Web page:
Proteus in Sines, Portugal.

In late-October or November we will be back in this part of the world (i.e.: Iberian Peninsula) preparing to head south for the Canary Islands and Cape Verdes. I think these couple thousand extra miles have come at just the right time.

Since I began traveling years ago I have lived by the mantra, “Whatever happens, it’s going to be good.” I think this is a great time to say it again…

“What we need is here…”


Geese appear high over us,
pass, and the sky closes. Abandon,
as in love or sleep, holds
them to their way, clear
in the ancient faith: what we need
is here. And we pray, not
for new earth or heaven, but to be
quiet in heart, and in eye,
clear. What we need is here.
~Wendell Berry






Ile-d’Yeu, France

The allure of The Coast…

We’re headed back to Ireland and Proteus tomorrow. Perhaps needless to say, we are missing our home. It has been a great few weeks of vacation in the States with family, but it’s time to get back and get serious: we have an ocean to cross.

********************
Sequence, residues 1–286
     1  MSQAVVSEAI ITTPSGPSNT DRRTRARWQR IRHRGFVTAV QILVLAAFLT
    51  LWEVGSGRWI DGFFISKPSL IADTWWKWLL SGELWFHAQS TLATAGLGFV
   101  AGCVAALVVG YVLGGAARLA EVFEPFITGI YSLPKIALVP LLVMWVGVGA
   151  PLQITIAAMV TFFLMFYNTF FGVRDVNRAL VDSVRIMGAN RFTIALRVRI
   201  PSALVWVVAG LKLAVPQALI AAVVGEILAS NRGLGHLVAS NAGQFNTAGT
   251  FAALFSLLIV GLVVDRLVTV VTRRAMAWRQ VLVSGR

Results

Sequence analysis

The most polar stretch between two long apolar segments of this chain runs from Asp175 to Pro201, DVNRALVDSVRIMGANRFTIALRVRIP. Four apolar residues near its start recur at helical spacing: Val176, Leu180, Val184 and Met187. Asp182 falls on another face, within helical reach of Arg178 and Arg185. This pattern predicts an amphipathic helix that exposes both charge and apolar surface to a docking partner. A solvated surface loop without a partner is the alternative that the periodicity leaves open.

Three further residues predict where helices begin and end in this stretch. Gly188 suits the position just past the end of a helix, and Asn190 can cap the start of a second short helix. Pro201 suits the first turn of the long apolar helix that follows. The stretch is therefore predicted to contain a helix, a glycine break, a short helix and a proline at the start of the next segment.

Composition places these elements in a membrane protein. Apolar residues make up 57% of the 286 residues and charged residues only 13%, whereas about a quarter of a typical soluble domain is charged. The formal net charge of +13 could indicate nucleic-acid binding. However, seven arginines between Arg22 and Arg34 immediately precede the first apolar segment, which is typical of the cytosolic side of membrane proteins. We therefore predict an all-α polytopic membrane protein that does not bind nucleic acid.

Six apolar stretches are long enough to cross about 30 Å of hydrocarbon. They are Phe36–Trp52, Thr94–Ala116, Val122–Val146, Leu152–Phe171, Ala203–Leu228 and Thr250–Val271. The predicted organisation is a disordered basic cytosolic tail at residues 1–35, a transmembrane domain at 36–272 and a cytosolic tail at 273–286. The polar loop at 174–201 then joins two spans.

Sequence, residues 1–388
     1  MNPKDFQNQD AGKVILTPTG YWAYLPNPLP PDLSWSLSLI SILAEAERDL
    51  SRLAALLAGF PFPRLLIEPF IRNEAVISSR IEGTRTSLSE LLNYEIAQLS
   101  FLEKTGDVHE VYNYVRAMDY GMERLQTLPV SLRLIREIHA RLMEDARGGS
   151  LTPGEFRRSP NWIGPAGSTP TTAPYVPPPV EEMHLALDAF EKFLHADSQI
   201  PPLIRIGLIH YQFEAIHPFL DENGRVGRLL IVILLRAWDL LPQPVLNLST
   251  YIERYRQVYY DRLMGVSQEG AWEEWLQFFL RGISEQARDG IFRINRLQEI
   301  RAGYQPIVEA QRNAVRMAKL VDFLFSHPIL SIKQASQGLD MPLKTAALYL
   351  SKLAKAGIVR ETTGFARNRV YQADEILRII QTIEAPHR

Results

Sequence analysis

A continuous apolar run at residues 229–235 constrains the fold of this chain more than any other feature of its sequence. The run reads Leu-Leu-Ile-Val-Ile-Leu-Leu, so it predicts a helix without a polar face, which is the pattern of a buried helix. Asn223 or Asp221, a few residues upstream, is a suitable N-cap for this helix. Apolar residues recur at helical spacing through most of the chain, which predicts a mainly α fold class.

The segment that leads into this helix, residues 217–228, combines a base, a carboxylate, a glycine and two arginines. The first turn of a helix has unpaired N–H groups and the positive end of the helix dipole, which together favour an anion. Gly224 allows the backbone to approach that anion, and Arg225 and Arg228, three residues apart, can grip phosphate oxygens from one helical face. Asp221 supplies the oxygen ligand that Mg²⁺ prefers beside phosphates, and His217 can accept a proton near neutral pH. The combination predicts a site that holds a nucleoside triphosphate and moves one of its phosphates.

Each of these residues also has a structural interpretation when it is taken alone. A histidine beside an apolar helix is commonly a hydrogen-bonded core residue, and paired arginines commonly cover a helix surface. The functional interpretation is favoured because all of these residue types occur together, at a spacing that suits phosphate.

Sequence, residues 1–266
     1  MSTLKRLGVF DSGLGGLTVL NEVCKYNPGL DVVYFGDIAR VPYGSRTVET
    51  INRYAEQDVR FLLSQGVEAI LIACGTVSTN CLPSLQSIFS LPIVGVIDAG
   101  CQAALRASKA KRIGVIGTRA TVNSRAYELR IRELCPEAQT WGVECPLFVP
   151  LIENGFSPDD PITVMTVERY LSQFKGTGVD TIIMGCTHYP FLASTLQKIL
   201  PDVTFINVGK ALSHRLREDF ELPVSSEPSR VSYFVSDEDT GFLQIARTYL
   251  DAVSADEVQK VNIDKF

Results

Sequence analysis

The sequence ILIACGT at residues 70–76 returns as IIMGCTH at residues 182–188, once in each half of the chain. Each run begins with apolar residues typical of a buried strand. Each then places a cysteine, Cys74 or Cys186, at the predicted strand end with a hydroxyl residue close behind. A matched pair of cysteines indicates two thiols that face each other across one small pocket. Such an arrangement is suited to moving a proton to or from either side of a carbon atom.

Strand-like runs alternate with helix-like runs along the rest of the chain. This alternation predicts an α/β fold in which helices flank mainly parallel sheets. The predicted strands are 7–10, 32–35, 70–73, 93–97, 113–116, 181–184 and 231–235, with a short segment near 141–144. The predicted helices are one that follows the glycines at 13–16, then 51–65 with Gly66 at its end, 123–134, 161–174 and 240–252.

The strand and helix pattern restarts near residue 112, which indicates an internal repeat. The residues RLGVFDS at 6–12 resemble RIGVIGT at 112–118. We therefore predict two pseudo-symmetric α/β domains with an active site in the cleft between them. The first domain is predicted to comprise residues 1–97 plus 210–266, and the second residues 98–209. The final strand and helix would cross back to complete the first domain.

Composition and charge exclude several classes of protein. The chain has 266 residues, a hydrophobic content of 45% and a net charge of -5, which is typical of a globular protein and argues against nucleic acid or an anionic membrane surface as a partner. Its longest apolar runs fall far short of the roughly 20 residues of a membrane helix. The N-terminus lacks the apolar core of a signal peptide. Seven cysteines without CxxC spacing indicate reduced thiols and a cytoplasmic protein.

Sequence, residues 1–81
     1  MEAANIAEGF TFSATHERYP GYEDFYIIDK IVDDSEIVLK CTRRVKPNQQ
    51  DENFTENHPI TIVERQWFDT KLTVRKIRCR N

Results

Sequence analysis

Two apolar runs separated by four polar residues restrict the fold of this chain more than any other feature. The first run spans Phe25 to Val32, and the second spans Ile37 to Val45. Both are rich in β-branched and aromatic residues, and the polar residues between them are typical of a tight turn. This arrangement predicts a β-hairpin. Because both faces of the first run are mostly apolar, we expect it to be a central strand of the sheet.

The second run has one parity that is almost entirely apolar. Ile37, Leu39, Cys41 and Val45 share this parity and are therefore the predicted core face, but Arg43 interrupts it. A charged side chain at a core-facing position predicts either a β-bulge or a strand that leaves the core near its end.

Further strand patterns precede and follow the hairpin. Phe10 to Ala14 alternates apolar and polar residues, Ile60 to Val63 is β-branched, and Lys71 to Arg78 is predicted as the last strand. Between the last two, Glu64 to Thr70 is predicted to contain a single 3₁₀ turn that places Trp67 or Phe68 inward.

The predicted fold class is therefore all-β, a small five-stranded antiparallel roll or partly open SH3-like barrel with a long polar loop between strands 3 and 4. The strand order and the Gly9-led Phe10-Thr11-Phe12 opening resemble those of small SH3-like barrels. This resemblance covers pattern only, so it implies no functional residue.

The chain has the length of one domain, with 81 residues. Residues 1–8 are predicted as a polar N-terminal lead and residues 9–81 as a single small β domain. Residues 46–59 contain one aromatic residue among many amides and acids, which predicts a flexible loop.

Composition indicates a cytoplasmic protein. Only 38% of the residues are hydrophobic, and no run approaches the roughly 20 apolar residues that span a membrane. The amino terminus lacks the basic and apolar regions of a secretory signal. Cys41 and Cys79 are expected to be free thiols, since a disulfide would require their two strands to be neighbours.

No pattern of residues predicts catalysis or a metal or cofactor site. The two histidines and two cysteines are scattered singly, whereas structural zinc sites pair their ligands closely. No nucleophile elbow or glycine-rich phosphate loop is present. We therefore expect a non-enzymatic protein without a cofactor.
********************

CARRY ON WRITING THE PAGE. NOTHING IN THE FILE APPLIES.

With that, I’ll leave you with a really beautiful video that all coast-wise humans might connect with…

The Coast from NRS Films on Vimeo.


…and have a great day! See you in Ireland.

What is in a boat name…?

By: Noah D.

“I think the act of naming something implies, very simply, that you’re not alone. We give names to things so we can talk about them. Once there’s a word for an experience, it feels contained somehow—and the container has a handle, which makes it much easier to pick up and pass around.”
~John Koenig (from The Dictionary of Obscure Sorrows)

The closest I’ve ever been to naming a child was when my sister named her cat. But that did not take too much deliberation, because she had been settled on ‘Dinah’ forever.